Reasonable Accommodation: For or Against it?

The issue of reasonable accommodation regularly gives rise to debate and questions about the extent of the duty to accommodate (dietary laws, religious symbols, etc.).

Following certain requests from individuals from minority groups –applications that public opinion and certain media considered excessive, disruptive or even contrary to the values of Quebecers—, the term "reasonable accommodation" acquired a pejorative connotation and caused discontent in the population.

On February 8, 2007, a Consultation Commission on Accommodation Practices Related to Cultural Differences (Bouchard-Taylor Commission) was established by the Quebec government to respond to expressions of discontent that have arisen in the population around "reasonable accommodation." It submitted its report on May 22, 2008.

Opponents accuse reasonable accommodation of harming secularism and instilling a divisive mentality among minorities and thus promoting ghettoization. For its supporters, reasonable accommodation is primarily a measure of inclusion that allows minorities to evade the rules involving direct or indirect discrimination against them. According to them, the wearing or displaying of religious symbols by minorities has no negative effect on the lifestyle of the majority, whom no one wants to convert. Schools, for example, have not become more religious than they were before.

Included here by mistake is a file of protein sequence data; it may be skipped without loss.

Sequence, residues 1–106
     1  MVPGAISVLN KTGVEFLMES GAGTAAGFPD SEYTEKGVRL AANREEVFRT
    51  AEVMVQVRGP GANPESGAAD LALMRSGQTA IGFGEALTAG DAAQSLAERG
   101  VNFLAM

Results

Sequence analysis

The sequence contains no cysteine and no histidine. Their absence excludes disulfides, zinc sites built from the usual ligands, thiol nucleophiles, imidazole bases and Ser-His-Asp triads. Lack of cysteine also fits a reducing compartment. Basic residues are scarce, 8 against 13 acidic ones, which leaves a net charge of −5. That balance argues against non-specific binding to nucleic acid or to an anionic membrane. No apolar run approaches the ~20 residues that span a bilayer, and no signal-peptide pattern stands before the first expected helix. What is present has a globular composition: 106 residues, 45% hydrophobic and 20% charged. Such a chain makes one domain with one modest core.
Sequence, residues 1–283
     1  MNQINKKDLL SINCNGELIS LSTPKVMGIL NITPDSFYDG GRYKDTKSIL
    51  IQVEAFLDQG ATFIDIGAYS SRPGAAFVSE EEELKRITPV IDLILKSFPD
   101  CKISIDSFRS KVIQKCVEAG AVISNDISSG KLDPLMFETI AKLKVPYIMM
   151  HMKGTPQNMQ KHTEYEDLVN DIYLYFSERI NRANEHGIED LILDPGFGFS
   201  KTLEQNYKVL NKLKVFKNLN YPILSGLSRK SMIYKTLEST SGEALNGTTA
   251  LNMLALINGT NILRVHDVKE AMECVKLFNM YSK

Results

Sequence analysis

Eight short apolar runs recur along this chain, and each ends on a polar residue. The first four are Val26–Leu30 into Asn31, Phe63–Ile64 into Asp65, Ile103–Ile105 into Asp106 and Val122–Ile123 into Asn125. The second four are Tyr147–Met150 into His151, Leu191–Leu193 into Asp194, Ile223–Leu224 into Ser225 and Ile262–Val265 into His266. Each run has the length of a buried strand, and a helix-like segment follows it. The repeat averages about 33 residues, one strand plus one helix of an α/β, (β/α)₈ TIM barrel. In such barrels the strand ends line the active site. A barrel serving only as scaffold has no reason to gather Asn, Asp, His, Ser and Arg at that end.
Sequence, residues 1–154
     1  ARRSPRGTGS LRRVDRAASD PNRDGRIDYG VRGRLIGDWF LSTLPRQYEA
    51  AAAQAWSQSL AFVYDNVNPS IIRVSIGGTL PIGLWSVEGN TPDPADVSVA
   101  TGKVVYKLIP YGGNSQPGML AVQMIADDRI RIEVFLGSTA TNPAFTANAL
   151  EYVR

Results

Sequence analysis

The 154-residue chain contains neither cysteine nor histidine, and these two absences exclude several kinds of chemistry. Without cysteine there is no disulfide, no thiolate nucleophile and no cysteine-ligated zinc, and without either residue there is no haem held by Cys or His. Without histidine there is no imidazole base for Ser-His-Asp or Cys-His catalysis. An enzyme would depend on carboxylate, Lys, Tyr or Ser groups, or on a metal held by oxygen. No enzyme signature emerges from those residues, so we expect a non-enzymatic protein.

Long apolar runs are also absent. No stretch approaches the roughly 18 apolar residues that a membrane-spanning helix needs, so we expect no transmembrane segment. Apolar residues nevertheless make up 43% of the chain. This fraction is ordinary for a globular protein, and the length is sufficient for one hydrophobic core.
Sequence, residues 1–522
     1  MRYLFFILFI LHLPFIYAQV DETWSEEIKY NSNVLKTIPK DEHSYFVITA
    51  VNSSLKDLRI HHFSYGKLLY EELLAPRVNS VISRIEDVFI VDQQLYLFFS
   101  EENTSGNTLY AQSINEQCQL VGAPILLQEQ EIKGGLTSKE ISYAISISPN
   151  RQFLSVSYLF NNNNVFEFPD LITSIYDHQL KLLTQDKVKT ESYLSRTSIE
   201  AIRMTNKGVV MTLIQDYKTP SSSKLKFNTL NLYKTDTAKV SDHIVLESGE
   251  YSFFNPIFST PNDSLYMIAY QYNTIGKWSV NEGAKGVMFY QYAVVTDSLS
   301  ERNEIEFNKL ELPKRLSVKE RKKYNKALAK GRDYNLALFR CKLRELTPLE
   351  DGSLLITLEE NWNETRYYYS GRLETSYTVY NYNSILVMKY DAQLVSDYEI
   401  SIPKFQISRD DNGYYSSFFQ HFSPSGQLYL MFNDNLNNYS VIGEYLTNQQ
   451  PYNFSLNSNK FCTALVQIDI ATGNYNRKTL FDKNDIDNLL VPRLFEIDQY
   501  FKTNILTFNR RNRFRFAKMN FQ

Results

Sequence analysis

Finally, the concept of reasonable accommodation applies to several grounds of discrimination, including sex, pregnancy, age, disability, and religion. In practice, when you consider all applications in Quebec, it is particularly women and the disabled who have benefited from reasonable accommodation.

Reasonable accommodation must be, in good faith and for all parties involved, a search for compromise solutions that do not harm the relations between different communities. The goal of the philosophy underlying reasonable accommodation is to find a just and equitable solution in a spirit of tolerance.